You know what they say about people who assume. When it comes to a company’s intellectual property, never assume anything. Just because you think something is proprietary and confidential doesn’t mean that it is, or that someone else will feel the same way you do. That’s why it’s a good idea to always err on the side of caution and make sure any documents that are part of a company’s intellectual property are labeled as such, password protected if necessary, and mentioned in the employee handbook as such. This may not keep them from getting stolen, but it will help a company should it need to file suit.

On Society for Human Resource Management, an article titled, Identify Your Trade Secrets to Prevail in IP Theft Litigation, lists a case where information was taken and used by a former employee because it wasn’t properly labeled as proprietary and confidential. Furthermore, it wasn’t identified in the employee handbook as a trade secret, nor was the employee required to sign a noncompete agreement. The issue at hand was a list of people, including their names, addresses, phone numbers, etc., held by the company. An employee took that list and used it for a competing business. The argument was that everyone within the company understood that the list was only for business purposes and was not publicly known, nor available to the public. The court, however, disagreed and ruled that the list was not a trade secret or confidential and proprietary information. The list was available to all staff and to the people on the list, so the company wasn’t trying to guard the secrecy of the information. Furthermore, most of the information was available in the public domain.

So, what is the lesson here for employers? Regardless of what the information may be, what technologies it may contain, or who has access to it, make sure everyone knows that it’s part of the company’s intellectual property and put in place safeguards that ensure this.

What kinds of safeguards are necessary? According to the article, as long as a company takes reasonable precautions by taking time to set up a system to protect information believed to be important, confidential, or proprietary, the system doesn’t have to be perfect.

So by limiting access to the information, keeping it secure, informing everyone who has access that the information is confidential, and designating the information as such in the employee handbook. It’s also a good idea, according to the article, to remind departing employees during their exit interview about any confidentiality obligations.

If something is worth protecting, then it’s worth the extra time and effort needed to ensure its security. Proprietary and confidential mean just that, and these terms should be taken seriously and not applied haphazardly.

Can your smartphone tell you if you have depression?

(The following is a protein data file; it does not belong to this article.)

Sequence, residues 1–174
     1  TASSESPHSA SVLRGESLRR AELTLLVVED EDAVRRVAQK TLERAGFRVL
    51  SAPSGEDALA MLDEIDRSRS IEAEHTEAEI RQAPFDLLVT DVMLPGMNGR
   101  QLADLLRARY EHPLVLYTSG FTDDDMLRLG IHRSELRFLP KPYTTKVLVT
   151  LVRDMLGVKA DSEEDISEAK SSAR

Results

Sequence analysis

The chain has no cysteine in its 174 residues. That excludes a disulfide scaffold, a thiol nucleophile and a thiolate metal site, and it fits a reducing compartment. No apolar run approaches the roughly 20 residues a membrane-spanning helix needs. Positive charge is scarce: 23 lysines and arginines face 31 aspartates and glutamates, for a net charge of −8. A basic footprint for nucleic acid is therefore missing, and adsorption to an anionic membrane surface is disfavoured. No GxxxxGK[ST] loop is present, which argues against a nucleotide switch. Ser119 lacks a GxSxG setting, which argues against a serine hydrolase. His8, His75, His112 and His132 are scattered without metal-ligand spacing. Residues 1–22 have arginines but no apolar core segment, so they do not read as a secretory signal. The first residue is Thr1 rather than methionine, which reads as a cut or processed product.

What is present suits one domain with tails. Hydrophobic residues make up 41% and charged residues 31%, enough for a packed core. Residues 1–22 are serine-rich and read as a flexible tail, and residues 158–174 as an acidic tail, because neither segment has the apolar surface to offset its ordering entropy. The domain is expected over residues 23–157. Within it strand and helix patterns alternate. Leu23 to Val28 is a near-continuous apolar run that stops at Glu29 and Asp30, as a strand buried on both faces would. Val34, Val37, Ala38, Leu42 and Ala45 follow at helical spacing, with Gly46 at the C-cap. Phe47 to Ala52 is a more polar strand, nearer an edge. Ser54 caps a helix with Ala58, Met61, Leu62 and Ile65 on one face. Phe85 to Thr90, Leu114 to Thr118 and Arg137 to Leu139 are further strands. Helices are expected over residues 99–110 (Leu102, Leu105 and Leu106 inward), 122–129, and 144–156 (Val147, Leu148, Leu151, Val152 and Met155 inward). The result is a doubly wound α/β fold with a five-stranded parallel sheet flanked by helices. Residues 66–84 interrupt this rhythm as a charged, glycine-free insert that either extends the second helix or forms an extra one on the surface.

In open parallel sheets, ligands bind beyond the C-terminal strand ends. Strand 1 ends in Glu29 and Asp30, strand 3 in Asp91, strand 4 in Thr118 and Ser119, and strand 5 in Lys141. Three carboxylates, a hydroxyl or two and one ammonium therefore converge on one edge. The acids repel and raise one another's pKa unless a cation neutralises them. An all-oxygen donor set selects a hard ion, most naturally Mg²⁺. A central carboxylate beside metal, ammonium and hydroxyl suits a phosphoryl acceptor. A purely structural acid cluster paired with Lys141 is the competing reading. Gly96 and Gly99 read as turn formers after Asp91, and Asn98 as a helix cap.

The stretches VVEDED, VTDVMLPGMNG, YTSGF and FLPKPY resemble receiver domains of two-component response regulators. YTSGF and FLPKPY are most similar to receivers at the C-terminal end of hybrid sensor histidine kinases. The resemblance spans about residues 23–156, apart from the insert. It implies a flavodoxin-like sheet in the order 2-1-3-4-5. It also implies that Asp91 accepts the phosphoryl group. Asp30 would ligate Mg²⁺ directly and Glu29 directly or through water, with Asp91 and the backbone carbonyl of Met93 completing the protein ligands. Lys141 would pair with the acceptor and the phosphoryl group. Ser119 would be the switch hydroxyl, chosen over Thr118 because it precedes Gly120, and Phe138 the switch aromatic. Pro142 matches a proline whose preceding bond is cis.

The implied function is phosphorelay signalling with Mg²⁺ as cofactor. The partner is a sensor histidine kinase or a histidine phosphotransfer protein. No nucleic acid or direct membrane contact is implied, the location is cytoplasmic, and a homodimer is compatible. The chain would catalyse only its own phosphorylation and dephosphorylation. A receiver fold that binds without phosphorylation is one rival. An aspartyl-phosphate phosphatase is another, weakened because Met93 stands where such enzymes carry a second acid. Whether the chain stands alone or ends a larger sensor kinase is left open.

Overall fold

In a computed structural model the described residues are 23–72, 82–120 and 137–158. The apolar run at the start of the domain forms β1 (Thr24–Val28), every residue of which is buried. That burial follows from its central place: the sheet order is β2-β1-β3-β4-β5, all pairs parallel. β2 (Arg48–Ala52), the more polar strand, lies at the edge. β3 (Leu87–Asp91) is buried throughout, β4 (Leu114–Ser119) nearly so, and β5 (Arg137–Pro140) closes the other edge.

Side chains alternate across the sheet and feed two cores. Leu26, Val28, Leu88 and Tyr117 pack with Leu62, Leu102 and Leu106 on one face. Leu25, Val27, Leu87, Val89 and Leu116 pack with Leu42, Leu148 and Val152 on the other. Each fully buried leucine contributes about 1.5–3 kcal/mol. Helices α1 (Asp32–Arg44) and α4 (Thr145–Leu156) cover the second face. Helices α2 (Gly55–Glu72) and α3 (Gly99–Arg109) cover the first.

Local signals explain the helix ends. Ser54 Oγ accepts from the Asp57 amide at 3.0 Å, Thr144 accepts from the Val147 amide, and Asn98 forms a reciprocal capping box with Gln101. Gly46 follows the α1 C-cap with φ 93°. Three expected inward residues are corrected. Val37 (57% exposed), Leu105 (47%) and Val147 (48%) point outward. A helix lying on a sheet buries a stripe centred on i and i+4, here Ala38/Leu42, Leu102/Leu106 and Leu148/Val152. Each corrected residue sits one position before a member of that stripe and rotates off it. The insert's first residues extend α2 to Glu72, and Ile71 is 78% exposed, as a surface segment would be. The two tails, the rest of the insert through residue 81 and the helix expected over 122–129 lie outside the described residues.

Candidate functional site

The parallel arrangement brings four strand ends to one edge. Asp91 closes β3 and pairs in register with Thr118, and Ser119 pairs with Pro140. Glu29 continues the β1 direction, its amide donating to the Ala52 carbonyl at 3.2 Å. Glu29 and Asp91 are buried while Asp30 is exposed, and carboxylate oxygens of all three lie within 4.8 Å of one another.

Originally posted by Carina Storrs on on July 15, 2015.

Getting a diagnosis of depression usually involves filling out questionnaires about your mood and undergoing lengthy interviews with a psychiatrist. But smartphone apps might be able to handle some of that work, and at least tell you if you are at risk of depression, simply by collecting GPS and other data, according to a new study.

Researchers at Northwestern University in Illinois tested an app they developed called Purple Robot. It uses data from a number of sensors in the smartphone that detect location, movement, phone usage and other activities to assess if a user is likely to have depression.

"The main reason for the development of the app is to see if we can objectively and passively identify if people are depressed," said Sohrob Saeb, a postdoctoral research fellow at the Feinberg School of Medicine at Northwestern University who is one of the developers of Purple Robot.

In the study of Purple Robot, Saeb and his colleagues at Northwestern and Michigan State University looked at GPS or phone usage data among 28 participants for two weeks.

They found that Purple Robot could identify 87% of the participants in the group who were determined to be at risk of depression according to PHQ-9, a nine-question test for depression, based only on GPS data on how much users moved between their regular locations. The more users moved around, the less likely they were to fall into the at-risk category.

In addition, by identifying the participants who used their phone the most, including everything from texting and playing games but not talking on the phone, Purple Robot could detect 74% of those in the at-risk group. Data on both GPS and phone usage were not available for enough participants to let the researchers see how well Purple Robot performed when both data sets were available, Saeb said.

However, PHQ-9 is only a screening tool that tells you if you have an above-average chance of having depression and is not enough to diagnose depression, said Dr. Scott Monteith, clinical assistant professor of psychiatry at Michigan State University, who has not been involved in developing or researching Purple Robot or other smartphone apps.

The way the test was used in the study, with a low cutoff score, it probably incorrectly identified many of the participants as being at risk of depression who were not, he added.

To get a better idea of the effectiveness of Purple Robot, the researchers are going to do a study involving more participants over a longer period to see if the app can detect changes in behavior over time, Saeb said. In addition, the group will see if they can improve Purple Robot's ability to spot depression by including additional data, such as how long people talk on the phone and who they talk to.

Depression is a debilitating illness that affects about 17% of people at some point in their lives. Meanwhile, it is estimated that by 2025 more than 5 billion people in the world will have a smartphone, and their sensing capability will be above and beyond that of today's iPhones, Androids and Blackberries.